How can I escape the September crush? Because it’s bad. Bad for me. I want to never feel like that again, and it has been part of the annual routine since moving here. And that, I think, is part of the adjustment that comes with diving into the farming life (along with, you’re going to suck at everything at first and make big mistakes). I’ve got to find a new rhythm. But I grew brussel sprouts, so I can learn to adjust my rhythm. Give me time.
We’re real birds! The Blondies in a rare moment of repose:It’s funny; all the birds that grew up here, and then some, are into perching. They love the tangled alder brush. There’s the baby guineas. Nice to get a sighting. All mixed up in the flock of young adults.Time to groom like everyone else! Surprise! The second, smaller walnut tree is bearing. They come later, and they are a different kind of walnut. This kind is nice. The husks are round and super easy to shuck off the shell (on the right), and the nut is round, exactly like ye old familiar walnut.On the left, the pear shaped walnuts (from the big tree) have flat, pointy shells, and stubborn husks.I’m starting to get a respectable haul, for the first walnut harvest ever. Nice.
The fall colours are out in variety and force, and as always seems to happen, the colour change is followed by strong sustained winds to knock off all the leaves, and make “fall” not a figure of speech. It’s no hurricane or anything but it’s a gusty evening.
The hens are behaving strangely, procrastinating about going in the coop.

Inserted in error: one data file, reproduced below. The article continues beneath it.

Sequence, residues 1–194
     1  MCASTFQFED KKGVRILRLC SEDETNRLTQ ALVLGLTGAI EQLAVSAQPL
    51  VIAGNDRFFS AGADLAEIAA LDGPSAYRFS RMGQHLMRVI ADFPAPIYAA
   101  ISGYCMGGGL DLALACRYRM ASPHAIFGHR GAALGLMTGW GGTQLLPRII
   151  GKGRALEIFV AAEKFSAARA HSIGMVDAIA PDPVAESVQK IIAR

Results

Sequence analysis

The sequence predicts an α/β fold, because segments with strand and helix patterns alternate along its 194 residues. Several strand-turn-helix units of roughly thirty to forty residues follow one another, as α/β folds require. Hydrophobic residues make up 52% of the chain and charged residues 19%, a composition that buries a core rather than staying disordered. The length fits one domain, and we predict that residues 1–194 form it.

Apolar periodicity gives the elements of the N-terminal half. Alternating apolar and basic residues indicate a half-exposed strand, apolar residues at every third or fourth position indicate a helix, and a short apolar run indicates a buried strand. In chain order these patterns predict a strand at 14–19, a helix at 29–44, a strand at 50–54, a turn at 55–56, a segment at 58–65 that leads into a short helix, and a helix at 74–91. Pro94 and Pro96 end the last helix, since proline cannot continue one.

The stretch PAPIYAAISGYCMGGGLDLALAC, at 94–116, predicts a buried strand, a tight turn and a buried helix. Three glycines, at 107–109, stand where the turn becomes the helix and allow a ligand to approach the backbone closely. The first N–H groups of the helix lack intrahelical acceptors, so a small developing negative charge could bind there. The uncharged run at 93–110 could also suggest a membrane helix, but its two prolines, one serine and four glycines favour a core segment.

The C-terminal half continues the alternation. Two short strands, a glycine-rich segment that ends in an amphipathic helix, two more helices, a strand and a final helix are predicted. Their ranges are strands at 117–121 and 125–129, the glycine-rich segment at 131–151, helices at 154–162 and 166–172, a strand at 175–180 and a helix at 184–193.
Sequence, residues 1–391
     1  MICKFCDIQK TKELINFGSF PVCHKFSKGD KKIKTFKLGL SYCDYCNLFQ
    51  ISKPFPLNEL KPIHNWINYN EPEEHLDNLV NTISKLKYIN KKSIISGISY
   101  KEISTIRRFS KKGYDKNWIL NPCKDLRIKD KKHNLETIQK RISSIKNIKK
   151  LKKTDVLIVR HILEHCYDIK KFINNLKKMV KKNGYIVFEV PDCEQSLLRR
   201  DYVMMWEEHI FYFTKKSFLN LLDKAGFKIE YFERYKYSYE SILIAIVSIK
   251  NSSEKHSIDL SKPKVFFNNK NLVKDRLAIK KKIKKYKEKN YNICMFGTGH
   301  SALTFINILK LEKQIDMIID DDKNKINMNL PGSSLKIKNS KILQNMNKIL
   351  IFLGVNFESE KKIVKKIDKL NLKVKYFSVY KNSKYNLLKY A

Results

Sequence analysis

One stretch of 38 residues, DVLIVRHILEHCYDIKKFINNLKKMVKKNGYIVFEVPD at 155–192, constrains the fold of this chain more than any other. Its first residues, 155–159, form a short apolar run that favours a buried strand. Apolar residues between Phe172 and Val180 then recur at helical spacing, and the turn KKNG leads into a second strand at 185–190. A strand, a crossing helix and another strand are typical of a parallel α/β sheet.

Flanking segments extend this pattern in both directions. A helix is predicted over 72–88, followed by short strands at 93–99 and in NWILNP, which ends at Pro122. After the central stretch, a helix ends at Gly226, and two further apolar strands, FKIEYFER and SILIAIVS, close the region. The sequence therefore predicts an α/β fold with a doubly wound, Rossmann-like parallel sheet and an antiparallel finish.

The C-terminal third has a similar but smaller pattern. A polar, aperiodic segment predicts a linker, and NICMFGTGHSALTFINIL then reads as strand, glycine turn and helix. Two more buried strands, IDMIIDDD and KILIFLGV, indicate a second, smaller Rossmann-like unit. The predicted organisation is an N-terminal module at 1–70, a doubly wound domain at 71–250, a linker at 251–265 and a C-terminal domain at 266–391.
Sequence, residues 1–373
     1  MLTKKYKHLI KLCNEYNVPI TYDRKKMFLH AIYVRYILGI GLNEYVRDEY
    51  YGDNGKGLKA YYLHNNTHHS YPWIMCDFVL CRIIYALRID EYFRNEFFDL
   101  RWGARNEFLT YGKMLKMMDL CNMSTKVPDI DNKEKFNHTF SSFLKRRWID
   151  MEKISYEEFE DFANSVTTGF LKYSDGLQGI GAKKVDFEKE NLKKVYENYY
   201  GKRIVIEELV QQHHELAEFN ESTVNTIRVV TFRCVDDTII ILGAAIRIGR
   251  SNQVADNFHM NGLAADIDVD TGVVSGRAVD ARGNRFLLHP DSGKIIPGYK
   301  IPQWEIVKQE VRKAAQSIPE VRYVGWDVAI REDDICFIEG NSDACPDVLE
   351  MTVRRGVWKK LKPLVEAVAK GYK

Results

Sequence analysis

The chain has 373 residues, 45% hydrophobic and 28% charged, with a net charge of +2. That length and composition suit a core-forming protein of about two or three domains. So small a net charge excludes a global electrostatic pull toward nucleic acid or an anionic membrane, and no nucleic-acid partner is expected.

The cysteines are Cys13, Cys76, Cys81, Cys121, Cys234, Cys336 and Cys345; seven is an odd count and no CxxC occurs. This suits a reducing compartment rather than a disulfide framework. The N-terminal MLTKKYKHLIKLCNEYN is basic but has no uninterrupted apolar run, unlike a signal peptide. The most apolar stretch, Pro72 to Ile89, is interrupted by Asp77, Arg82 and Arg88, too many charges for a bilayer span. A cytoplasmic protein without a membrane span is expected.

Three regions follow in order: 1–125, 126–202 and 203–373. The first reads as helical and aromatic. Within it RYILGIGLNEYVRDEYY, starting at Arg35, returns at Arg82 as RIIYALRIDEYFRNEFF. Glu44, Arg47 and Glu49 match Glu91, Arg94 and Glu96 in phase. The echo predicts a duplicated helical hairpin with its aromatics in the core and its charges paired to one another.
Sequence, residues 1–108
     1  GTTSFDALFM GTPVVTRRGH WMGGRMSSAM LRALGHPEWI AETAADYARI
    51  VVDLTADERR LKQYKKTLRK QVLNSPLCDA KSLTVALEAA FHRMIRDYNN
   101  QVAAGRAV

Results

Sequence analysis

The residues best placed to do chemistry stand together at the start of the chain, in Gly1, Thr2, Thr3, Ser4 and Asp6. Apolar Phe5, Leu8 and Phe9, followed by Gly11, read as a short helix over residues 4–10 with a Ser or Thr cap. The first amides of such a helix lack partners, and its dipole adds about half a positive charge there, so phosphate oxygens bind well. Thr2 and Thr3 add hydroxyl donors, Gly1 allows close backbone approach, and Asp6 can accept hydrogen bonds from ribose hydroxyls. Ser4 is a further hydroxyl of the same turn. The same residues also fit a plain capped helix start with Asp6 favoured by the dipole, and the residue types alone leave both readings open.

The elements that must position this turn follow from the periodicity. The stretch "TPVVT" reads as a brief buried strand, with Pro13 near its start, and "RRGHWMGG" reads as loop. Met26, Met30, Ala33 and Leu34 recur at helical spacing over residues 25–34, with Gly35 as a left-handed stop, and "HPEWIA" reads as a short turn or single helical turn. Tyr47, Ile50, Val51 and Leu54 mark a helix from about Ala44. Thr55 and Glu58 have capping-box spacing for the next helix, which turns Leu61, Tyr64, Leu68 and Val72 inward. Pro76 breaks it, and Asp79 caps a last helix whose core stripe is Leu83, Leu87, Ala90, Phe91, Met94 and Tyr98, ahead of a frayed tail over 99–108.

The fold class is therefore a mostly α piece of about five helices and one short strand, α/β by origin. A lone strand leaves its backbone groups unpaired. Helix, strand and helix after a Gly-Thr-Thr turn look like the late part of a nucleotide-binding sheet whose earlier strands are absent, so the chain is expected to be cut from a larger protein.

And the guineas are electing to pile up on their skycoop rather than sit on the peak of the greenhouse tonight. The two chicks are doing well. Saw another bat too!
I thought – super cool insect discovery! Weird weird! These little grey lumps – clearly insects, that shrink away from being poked, all grouped up on a branch, with abundant hairy frosting all over them with a kind of fungus texture.
The apples are superabundant this year. Far more than last year.
“They say” that a good apple year means a hard winter. We shall see. It seemed true in 2014.Tree #5 has huge fruits on it that would rival any store bought Honeycrisp. So would the taste. Delicious.
These trees, while some have been released or had a little pruning, are for the most part still as wild as when we got here. Overgrown, diseased, crowded. Poor things. There’s too many. They don’t get plenty of attention. This tree, #47, is glorious! Huge, I can’t even get it all in a picture. The trunk has a mean lean and it looks like it’s nearly dead, but every year, it’s a wonder. Despite a 45˚ list it’s still tall, and crazy heavy with apples. It also has large fruit. I like this little tree. Not so little, but it has little pink-yellow fruit and in the two summers since it got released it has been rejuvenating itself. New low branches, and the fruit is coming in thicker and larger. I also don’t know what any of these heritage apples are. I get conflicting IDs.